When you walk in, you notice a few things: custom-made bright red couches that look like they would fit the décor of any hip LA club, a huge inventory of graphic novels that you can’t just find anywhere, the most impressive variety of independent comics you’ve ever seen, and lots of toilet seats mounted on the walls. Now, these aren’t ordinary toilet seats; these are toilet seats transformed into artwork and signed by various comic writers and artists: Mike Carey, Mark Millar, Rick Remember, Warren Ellis, James Callahan, and the list goes on and on. The best part is that the owner of the place, James, has a genuine love of comics that spills over, and he’s happy to give you an enthusiastic tour of his treasured toilet seats and to share a few funny stories about the writers/artists.
Not only does James give one fun, personable tour, but he knows his stuff. I’ve never talked to someone who knows so much about comics: new, old, independent, mainstream, manga, classics, horror… he seriously knows it all. He’s even served as a judge for the Eisner Award in comics.
If you’re in San Francisco, this place is a must-see. It was definitely one of the highlights of my trip. And if it’s your first time checking in there on Foursquare, you get 15% off your purchase. Beautiful interiors, huge selection, great staff, and tech savvy. What more could you want?
I'm just gonna forgo any pleasantries, along with any pretenses that I can look at this film in anything approaching an unbiased manner. I like Woody Allen. I like Paris. I like writing and I like art. I loved this film. Sure, it had its problems, but I was charmed by the main character, Gil, played by Owen Wilson (a blatant representation of Woody Allen) and his sincere (if sometimes sappy) dialogue. Some of my favorite lines that I've ever heard were in the film, like when Wilson insists that "No work of art can compare to a city."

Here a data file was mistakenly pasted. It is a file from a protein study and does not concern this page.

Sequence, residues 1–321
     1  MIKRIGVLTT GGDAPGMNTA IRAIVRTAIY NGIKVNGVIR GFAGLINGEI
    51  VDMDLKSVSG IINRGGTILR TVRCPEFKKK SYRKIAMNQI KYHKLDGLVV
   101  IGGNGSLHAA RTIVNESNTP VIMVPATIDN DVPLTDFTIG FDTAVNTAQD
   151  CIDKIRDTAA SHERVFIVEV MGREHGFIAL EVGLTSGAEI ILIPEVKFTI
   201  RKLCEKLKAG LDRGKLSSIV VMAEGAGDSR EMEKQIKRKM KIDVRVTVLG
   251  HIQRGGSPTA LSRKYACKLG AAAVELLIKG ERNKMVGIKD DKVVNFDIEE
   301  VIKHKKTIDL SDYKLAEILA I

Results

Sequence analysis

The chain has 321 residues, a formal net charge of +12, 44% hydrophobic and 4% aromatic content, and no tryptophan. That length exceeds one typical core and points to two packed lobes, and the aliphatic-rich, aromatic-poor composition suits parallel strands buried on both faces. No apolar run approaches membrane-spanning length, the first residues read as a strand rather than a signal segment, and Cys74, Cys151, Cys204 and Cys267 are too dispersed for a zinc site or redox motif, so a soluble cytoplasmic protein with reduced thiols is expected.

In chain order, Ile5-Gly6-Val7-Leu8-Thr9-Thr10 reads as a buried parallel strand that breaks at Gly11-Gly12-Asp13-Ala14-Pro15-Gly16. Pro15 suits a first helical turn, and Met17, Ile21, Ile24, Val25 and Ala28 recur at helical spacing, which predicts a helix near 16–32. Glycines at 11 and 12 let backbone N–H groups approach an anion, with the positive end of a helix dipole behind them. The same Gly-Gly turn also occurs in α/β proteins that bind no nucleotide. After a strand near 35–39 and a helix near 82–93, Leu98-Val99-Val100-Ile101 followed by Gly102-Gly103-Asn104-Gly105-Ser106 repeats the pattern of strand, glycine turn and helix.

Although it's difficult to talk about a work of art in terms of feelings, I couldn't help but love the feel of this film. Yes, no work of art can do a city justice, but this film captured the feeling I had gallivanting about Paris.Some would say that the film romanticized Paris from a tourist's perspective, but I would disagree and toss in my lot with Allen. I think there are cities that can be appreciated as a work of art, regardless of whether you grew up there or whether you're visiting for the first time. And Gil's enthusiasm for Paris is contagious and understandable.
I don't want to give away too much about the plot, because I didn't know much about it, and I found myself giddy as certain events unfolded (I even slapped my viewing companion in the arm, grinned, and sat up straighter in my chair a few times in sheer excitement). That's not to say it had a perfect plot. In fact, I was disappointed that for such a creative premise, the film ended up making some pretty cliché moves, and I was surprised that the film had such an elementary take-home message. Despite its plot clumsiness, I loved the film and I would happily see it in theaters again, which is not an action I take lightly.
As I walked into the packed room, I couldn’t help but notice all the girls around me were wearing enough makeup to frost a cake and all the women were wearing jeans with intricately Be-Dazzled™ designs on their butts. “Where the hell am I?” I thought to myself as the raunchy lyrics of Lady Gaga and Christina Aguilera pumped through the speakers and girls in various cuts of neon spandex took to the stage and started shimmying, gyrating, and thrusting. No, this was not a strip club. This wasn’t even an underground dance club. This was a horror show. Scantily clad elementary-school-aged children awkwardly keeping in step with choreographed pelvic thrusts set to the THUMP, THUMP, THUMP of deep bass-driven, sexually-charged pop music. God help me, this was my little nieces’ dance recital in the local high school auditorium, and the ages of said girls on stage ranged from six to twelve years old.